When Do Fig Trees Bloom?

Figs are an unusual fruit in several ways. They must ripen on the tree, some require a specific wasp for pollination and the flowers are inside the fruit. Although they do bloom, the flowers are insignificant and you won’t actually see them as you do those of most fruit trees.


Growing Fig Trees

The fig tree generally grows best in areas where the climate is similar to the Mediterranean, USDA Zones 7 to 10. In the right conditions, the tree may grow 30 feet tall, but most growers prune to 12 feet or less. Figs tolerate most soils, including acid soils. Regular watering is required for good fruit production. Fertilizer is not usually required but may increase the fruit crop.

Fig Tree Crops

Many fig trees actually have two crops. The first is known as the breba crop and ripens in late spring to early summer. The second, or main, crop ripens in late summer or fall. Breba crops develop on the second year wood growth, while the main crop develops on new growth. Since the breba crop develops first, it may be susceptible to late spring frosts. In some varieties, the breba crop is inedible.

The Fig Blossom

The blossom of a fig is actually the fruit itself – what we call fruit is an inverted blossom. Figs have what is known as a synconium, a hollow fleshy structure in which the flowers develop. Once pollinated, the fruit and seeds develop inside the synconium, which swells to provide room for the developing fruit. Some figs are self-pollinating, but the principle is the same.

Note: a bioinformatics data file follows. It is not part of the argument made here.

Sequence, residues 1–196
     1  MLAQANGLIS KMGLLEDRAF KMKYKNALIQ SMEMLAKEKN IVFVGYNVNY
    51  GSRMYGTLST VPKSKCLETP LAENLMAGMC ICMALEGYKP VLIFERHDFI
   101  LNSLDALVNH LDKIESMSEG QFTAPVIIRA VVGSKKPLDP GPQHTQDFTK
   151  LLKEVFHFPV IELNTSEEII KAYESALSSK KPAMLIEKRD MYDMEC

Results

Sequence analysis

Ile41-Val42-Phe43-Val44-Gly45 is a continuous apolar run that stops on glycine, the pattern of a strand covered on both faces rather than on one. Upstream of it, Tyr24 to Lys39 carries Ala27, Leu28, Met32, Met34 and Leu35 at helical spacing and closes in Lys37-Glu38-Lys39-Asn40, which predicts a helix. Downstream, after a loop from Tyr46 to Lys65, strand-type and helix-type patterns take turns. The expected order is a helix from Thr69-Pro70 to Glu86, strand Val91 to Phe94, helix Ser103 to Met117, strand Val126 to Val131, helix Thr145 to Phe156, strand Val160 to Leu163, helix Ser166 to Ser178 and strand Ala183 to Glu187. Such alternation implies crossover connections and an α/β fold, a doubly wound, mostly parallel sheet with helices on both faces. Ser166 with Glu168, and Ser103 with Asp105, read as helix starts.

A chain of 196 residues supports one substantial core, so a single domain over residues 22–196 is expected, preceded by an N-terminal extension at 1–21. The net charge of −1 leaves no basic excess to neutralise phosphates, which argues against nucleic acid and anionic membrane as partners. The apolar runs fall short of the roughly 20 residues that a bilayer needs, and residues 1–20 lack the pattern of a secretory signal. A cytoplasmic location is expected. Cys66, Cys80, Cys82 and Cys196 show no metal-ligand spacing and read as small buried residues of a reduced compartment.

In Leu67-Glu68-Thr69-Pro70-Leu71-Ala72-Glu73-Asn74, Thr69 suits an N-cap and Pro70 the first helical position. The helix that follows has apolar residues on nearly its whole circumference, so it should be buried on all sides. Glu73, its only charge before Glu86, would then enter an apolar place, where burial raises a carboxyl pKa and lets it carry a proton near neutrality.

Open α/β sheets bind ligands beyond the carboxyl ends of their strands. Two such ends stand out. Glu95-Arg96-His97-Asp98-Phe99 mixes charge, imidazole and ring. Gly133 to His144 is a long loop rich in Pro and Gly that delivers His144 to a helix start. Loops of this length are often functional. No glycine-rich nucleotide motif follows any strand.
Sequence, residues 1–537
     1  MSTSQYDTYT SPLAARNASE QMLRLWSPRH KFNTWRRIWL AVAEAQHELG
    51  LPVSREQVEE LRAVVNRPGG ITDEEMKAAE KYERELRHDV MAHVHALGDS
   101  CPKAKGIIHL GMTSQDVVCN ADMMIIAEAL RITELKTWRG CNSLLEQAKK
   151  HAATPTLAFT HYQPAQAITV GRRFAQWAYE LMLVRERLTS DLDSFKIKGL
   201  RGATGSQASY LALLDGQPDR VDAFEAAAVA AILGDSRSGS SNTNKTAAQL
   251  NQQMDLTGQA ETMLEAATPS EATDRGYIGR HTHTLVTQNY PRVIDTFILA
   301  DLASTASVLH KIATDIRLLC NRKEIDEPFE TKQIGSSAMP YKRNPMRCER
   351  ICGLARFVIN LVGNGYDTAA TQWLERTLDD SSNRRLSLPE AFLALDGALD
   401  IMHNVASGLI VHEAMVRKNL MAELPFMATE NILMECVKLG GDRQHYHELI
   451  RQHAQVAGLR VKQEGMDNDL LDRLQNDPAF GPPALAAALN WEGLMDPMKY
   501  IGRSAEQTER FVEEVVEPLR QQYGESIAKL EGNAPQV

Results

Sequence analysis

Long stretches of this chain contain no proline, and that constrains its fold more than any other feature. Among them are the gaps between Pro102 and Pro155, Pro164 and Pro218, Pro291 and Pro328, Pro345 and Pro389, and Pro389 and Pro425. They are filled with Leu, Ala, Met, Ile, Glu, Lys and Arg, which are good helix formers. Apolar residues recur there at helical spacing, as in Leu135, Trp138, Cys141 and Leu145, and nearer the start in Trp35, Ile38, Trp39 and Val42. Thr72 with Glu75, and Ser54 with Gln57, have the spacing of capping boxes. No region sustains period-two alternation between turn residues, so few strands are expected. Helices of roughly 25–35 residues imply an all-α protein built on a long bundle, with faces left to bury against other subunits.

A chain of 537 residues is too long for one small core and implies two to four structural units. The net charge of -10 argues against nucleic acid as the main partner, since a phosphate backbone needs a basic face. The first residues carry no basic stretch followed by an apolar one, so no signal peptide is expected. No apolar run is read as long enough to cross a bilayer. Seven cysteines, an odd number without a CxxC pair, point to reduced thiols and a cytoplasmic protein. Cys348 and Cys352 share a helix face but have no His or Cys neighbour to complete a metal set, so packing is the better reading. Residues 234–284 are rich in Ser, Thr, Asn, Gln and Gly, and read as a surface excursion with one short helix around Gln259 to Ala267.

Bloom Time

Like most fruit trees, figs bloom in spring. Varieties bloom at different times:

  • Black Mission – blooms in late March, breba ripens May.
  • Brown Turkey – blooms in March, breba ripens mid-May.
  • Calimyrna – blooms in April, breba ripens July.
  • Kadota – blooms mid-April, breba ripens mid-June.
  • Sierra – blooms March, breba ripens June.
  • Tiger – blooms mid-April, breba ripens July.

Blossoms and Pollination

Some fig varieties – most of those that are grown commercially – produce only female flowers and don’t need a pollinator. Others produce both male and female flowers. These varieties are pollinated by tiny wasps. Females lay their eggs in the male figs, which we don’t eat. When female wasps enter a female fig, they pollinate the blossoms inside.

Bloom Problems

Immaturity is one of the most common reasons fig trees don’t bloom – most varieties take five or six years to mature. Late frosts and hot dry conditions can affect both blooming and fruit set. Trees that don’t receive enough water or are grown in very poor soil may produce few blooms. Heavy pruning can reduce the amount of wood available to produce blossoms.

Text: Garden.eco